December 26, 2011
artichaut et mayonnaise
(artichoke and mayonnaise)
Artichokes are really an adult food. Their intense, earthy flavor is not something we pop out of the womb craving. The flavor is so strong it can effect everything else being eaten at the same time. And eating them can take a bit of patience when presented with the whole, immature flower. Not everyone wants to peel‑and‑dip their way through a meal.
Up until 1969, I wasn’t a big fan of artichokes. As a kid, they took too much work, and I always seemed to get the one with the worm. It was well‑cooked, but it still was a worm. I needed a lot of dip to cover up the taste. When my mother served them with 1000‑island dressing, I could cope, but with just melted butter, they just became greasy on top of distasteful.
In 1969, I was in my second year of college in Rochester, New York. (That’s not counting the year I spent in Las Cruces, New Mexico, that I had to repeat in Rochester.) I had moved off campus, and was lonely much of the time. On the return flight from the Bay Area at the end of the winter break, I meet a young couple with a small child. He was in his last year of dental school and she was a stay‑at‑home mom. We became friends, and I would spend three or four nights a week over at their house: either watching sports and drinking beer with him, or sitting around talking with her. We occasionally went out to eat together, and I often ate at their house. The relationship didn’t last past the end of the school term, when I dropped out of college. Although we all returned to the Bay Area, me in the south, and them in the north, we only got together once after that. It was a winter‑to‑summer relationship brought about by mutual “being away from home” but with no lasting depth.
One night in the late spring, Mrs. X, I no longer remember her name, served artichokes. Why is this significant? In Rochester in 1969, fresh vegetables were limited to a small variety and usually sold partially rotten and wrapped in plastic on Styrofoam trays. There was only one major supermarket in town that sold loose vegetables, but even there, the variety was limited. So the fact that Mrs. X obtained three, good‑sized, perfect artichokes was a big deal. She didn’t just buy them, she knew what to do with them, too. She even had special artichoke plates. They were simple white plates with a depression in the center to hold the artichoke and a channel around the depression to hold the discarded leaves. The channel was interrupted in the front with another depression for holding melted butter.
It was with much pomp that Mrs. X served up that first course of artichokes, and I knew what to do. I removed each leaf and dipped the meaty end in the butter. I then used my front teeth to scrape the flesh from the leaf. Each leaf was then deposited, in order, in the channel, each one just overlapping the previous one. By the time I had worked my way down to the choke, there was a neat row of spent leaves circling the heart. I removed the choke with my knife and fork—no hands please—and cut the heart into quarters, each of which was dipped into the melted butter and then gobbled down. I not sure if I enjoyed that artichoke any more than others I had had by then, but I felt quite satisfied with my sophistication. I was sure that Emily Post would have been proud of me.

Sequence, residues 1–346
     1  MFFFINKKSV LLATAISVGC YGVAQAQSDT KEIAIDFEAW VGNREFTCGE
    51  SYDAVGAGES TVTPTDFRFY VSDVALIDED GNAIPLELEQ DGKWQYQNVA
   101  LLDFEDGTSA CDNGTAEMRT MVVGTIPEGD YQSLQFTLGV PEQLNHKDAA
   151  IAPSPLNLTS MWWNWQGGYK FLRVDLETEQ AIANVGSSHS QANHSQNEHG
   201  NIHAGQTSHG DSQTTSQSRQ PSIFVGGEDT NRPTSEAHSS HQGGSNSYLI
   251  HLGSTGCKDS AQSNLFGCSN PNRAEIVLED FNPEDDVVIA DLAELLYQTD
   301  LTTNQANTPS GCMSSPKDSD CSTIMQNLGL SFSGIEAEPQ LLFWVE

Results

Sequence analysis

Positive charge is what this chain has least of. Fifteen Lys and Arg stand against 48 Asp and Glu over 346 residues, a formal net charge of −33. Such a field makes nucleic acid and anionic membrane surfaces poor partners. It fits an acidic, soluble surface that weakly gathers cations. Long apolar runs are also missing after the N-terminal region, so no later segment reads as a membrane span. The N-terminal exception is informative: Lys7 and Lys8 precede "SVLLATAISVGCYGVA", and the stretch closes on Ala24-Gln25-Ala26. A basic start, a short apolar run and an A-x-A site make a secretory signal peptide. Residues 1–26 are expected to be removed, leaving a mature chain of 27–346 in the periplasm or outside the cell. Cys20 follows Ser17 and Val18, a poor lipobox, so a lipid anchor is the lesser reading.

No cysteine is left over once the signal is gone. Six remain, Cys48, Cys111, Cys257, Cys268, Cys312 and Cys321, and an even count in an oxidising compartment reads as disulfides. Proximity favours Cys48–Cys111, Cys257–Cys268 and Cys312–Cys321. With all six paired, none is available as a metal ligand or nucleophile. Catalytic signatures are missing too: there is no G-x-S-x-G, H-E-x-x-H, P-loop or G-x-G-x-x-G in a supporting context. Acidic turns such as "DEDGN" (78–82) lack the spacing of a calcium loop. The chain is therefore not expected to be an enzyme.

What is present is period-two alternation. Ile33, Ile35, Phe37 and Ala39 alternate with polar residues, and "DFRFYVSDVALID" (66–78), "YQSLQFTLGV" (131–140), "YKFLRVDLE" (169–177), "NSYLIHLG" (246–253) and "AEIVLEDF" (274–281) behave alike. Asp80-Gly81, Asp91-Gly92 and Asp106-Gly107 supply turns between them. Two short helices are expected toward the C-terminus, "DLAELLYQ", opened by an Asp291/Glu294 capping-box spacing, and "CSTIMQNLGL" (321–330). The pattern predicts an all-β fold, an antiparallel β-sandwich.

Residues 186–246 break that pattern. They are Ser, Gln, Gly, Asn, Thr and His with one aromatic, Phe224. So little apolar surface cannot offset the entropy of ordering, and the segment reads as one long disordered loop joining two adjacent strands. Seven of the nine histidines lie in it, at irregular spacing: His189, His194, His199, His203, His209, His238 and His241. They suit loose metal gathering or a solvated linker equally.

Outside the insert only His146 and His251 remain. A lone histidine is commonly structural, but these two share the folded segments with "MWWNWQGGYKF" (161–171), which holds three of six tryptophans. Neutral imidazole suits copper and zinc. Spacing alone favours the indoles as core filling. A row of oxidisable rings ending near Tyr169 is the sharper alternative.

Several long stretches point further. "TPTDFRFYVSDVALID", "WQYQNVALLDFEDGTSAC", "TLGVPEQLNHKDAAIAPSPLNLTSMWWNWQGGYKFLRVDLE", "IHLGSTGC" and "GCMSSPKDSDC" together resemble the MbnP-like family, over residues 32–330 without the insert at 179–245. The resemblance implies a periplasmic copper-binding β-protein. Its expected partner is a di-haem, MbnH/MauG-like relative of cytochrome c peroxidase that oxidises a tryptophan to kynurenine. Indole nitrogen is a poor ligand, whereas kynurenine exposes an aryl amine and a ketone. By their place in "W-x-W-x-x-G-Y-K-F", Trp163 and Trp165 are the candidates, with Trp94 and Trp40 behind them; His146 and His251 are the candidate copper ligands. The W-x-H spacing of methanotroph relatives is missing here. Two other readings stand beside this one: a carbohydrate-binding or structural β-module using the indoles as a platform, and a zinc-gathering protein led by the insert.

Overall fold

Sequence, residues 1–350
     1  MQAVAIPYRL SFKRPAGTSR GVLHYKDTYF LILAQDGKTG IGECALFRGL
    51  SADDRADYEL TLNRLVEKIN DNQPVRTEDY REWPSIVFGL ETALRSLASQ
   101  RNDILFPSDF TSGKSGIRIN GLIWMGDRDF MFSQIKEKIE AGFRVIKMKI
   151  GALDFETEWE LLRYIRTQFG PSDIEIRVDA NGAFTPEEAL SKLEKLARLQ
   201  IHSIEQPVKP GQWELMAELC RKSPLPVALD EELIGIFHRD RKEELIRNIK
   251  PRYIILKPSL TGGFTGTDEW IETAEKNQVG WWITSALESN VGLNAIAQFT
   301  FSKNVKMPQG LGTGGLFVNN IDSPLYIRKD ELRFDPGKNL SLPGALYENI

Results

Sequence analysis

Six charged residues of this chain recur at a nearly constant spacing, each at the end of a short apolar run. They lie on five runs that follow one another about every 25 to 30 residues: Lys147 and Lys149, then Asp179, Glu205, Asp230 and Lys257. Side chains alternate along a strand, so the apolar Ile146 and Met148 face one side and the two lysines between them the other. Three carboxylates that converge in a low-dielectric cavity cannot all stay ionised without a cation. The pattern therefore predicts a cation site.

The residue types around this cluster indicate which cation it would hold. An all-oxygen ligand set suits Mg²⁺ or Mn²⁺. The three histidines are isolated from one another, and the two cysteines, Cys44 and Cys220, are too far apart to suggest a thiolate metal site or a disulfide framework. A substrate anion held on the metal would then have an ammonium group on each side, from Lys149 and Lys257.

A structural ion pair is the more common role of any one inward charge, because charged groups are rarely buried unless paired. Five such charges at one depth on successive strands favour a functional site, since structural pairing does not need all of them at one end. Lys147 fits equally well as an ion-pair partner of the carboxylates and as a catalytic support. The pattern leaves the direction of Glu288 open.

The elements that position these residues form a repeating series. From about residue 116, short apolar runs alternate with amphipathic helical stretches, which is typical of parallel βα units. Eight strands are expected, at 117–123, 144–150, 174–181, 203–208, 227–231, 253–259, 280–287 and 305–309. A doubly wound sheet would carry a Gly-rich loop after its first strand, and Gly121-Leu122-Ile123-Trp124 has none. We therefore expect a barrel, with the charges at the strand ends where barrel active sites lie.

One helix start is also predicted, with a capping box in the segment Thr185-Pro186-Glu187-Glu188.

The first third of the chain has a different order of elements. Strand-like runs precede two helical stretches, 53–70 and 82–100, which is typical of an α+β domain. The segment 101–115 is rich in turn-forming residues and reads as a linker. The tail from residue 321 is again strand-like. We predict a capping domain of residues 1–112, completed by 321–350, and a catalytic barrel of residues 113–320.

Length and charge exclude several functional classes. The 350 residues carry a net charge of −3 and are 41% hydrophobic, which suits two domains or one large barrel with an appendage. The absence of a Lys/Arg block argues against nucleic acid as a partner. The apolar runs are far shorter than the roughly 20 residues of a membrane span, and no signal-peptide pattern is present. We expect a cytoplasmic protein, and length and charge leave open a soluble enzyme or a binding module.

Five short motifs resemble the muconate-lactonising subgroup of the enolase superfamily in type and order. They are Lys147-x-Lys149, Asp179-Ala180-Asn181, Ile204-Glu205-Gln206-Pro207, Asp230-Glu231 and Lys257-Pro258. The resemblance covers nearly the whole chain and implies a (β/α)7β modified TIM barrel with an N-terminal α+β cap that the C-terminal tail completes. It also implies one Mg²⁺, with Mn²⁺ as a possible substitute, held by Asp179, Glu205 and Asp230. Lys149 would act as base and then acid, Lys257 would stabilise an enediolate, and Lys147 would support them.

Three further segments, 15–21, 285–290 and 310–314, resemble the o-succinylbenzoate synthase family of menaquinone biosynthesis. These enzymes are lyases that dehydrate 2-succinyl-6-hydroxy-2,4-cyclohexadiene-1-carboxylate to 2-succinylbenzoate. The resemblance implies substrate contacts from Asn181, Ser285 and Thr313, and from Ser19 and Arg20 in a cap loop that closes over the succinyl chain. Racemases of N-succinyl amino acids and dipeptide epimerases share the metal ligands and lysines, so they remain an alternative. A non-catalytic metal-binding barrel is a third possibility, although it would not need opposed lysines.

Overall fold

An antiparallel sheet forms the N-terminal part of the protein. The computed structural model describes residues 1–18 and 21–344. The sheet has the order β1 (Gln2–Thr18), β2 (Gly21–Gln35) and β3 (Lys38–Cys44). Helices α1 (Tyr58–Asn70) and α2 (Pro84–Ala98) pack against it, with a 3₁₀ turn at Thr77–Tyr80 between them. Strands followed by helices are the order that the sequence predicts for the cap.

Come forward 31 years and I’m in Amondans, France, doing a stage at l’Château d’Amondans. The restaurant is celebrating its fifth anniversary and the chateau’s 250th anniversary. Various friends of Chef Frédéric Médigue, themselves all at the helm of Michelin‑starred restaurants, contributed recipes, and sometimes talent, to the special anniversary meals. Pierre Gagnaire had sent a recipe for a starter along with his pastry chef to help with its preparation. The dish was a tartar of shrimp and langoustines marinated in passion fruit juice. Part of the garnish was slivers of artichoke hearts. There was also a creamy topping with fifty thousand ingredients which I didn’t find memorable. What I do remember is turning about 75 artichokes to harvest the hearts. By the end of the morning, my hands were stained dark brown. In the end, the dish was served without the artichoke‑heart slivers because Chef Médigue didn’t like what they contributed to the whole flavor of the dish. Maybe the guests didn’t experience my artichokes, but I certainly became experienced at turning them.
So recently when I saw some very small artichokes at my local farmer’s market, I thought about turning them to just reveal the hearts. Which is what I did. The stripped down hearts were blanched in boiling, salted water until barely tender, and then drained and chilled in my refrigerator. Rather than dipping the hearts in melted butter, I made some mayonnaise subversive,
and seasoned it heavily with garum marsala
and colored it very lightly with red coloring gel. I could have flavored the mayonnaise with just about anything: curry powder, chipotle powder, prickly ash, ketchup, etc. I piped the mayonnaise onto the tops of the artichoke hearts to turn them into flowers, or torches, or whatever you want to call them. The stems of the hearts were set into small bowls of rock salt to stabilize them in a vertical position. They could also be served in the dip, or in a number of other ways, but this is how I chose.